On September 7, Equifax (the national credit agency company) announced that hackers had stolen records from its servers that contained personal information on 143 million Americans. A few weeks later, the company announced that the actual number was 145.5 million.
And recently, Yahoo announced that its original data breach in August 2013 didn’t affect 1 billion of its users, it actually affected 3 billion users – which was every Yahoo account that existed at that time.
Combined with other high-profile data breaches that have occurred (within the government and the private sector), we clearly have a massive data security problem in our country. The ugly truth is that, at least for now, there is no way to completely protect your personal online information and identity. However, there are some common-sense things you can do that will dramatically reduce your chances of being hacked, so long as you remain conscientious and vigilant in your efforts.
It’s a good idea to routinely check your credit to make sure no one has opened any unauthorized accounts in your name. All three of the national credit agencies provide free credit reports once a year and for a fee, they also provide a credit monitoring service. If you would prefer to avoid a fee, there are also free credit reports and free monitoring services available through other credit companies, of which CreditKarma is probably the best known.
This may sound like a no-brainer but too often people don’t carefully review their statements. If your bank or credit accounts have been hacked and fraudulent charges have been initiated, these are going to show up in those statements, so be sure to review them scrupulously.
Spear-phishing is the practice of sending emails from a seemingly known or trusted source in order to induce the recipient to reveal confidential information. Be very wary of opening any attachments that are embedded in an email because they might contain a virus that could wreak havoc on your files and personal information – even if the email seems to be from someone you know.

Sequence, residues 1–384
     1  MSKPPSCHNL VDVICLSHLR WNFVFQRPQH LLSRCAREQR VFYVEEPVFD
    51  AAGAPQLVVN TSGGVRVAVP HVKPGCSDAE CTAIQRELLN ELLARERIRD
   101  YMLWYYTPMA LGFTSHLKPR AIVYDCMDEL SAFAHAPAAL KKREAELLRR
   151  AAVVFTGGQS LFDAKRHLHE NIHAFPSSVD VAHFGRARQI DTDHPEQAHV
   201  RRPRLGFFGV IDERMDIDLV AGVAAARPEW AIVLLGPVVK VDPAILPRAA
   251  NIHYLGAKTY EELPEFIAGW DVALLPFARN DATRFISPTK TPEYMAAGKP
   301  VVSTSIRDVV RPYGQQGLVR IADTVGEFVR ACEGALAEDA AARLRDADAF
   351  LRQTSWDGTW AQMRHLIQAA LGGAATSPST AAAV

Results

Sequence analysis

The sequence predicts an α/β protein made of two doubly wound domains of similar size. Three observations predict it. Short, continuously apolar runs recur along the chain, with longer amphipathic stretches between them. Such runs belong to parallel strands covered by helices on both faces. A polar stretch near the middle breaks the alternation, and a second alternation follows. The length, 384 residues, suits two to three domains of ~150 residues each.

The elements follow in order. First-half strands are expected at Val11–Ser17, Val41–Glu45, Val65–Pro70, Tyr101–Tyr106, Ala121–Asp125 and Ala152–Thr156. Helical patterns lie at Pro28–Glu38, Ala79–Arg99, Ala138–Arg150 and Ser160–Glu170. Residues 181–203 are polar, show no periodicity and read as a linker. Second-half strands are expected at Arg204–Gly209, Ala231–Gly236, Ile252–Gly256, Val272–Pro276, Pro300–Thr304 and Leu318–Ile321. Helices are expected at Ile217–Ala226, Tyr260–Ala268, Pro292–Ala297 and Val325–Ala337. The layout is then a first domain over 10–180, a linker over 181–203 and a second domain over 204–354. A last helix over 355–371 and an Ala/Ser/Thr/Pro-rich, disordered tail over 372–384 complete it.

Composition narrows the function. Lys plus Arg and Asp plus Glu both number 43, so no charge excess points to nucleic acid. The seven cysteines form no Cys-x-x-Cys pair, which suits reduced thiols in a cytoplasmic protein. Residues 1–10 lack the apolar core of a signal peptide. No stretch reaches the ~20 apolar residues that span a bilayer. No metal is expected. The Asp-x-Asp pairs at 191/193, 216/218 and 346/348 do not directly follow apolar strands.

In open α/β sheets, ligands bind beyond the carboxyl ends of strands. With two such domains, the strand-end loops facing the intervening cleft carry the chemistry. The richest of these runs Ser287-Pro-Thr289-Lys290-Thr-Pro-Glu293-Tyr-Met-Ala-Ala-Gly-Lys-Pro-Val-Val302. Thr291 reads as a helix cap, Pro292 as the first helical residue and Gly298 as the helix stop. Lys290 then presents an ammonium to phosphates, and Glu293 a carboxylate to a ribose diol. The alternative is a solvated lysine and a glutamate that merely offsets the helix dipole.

This one is harder said than done but it’s important to have different passwords for different online accounts. For instance, the password you use for email should be different than the password you use to access your bank account. The reason is obvious – if an intruder successfully hacks one of your accounts, you don’t want to provide him with access to all your other accounts because you’ve used the same password for each.
When one acquires a new computer, security software programs are typically provided free of charge, usually for 12 months. After that, one has to pay an annual subscription fee to keep the software current. Needless to say, pay the fee to keep your computer protected. There is a constant stream of new viruses being created everyday that are designed to maliciously attack your computer and steal your personal information. Don’t let that happen to you.
Many people are in the habit of going into their favorite coffee shop and accessing its Wi-Fi connection. If you do that, never conduct any sensitive personal business online. It’s possible that someone could be lurking there to intentionally capture your unencrypted information as it flies through the air from your computer to the router. Because it’s unencrypted data, anyone within range and with the right equipment can read it.
Even though most of us have created and maintain a digital presence online, there is also a danger that sensitive personal information could be stolen from hard copy sources. Old credit and bank account statements, old utility bills, old credit card offers, old tax returns, or old receipts from previous purchases – all of them might contain personal information that should be protected. Don’t simply throw these documents in the trash – shred them first.
Slick scammers are not just online, they sometimes prey on people through the telephone. They will call people and try to extract personal information from them – date of birth, social security numbers, household income, etc. – any information they can use to help them create a fraudulent personal identity in your name.
Your social security number is your digital fingerprint for everything – whether you’re applying for a loan, credit or even a new job – it is the key number that provides access to everything else. Be very vigilant about protecting your number and make sure to never have it printed on your personal checks.
If you’re going to be away for a few days or longer, make sure to have mail delivery to your home stopped. There are thieves who specifically target unattended mail boxes in order to steal your mail and all the personal information contained within it. Another option would be to stop mail delivery to your home permanently and have it delivered to a rented mailbox instead.
There are innumerable benefits and conveniences to participating in a digital environment – and at this point there’s no turning back – but we have to protect ourselves in this brave new world, and being cautious, aware and vigilant are the keys to your success.
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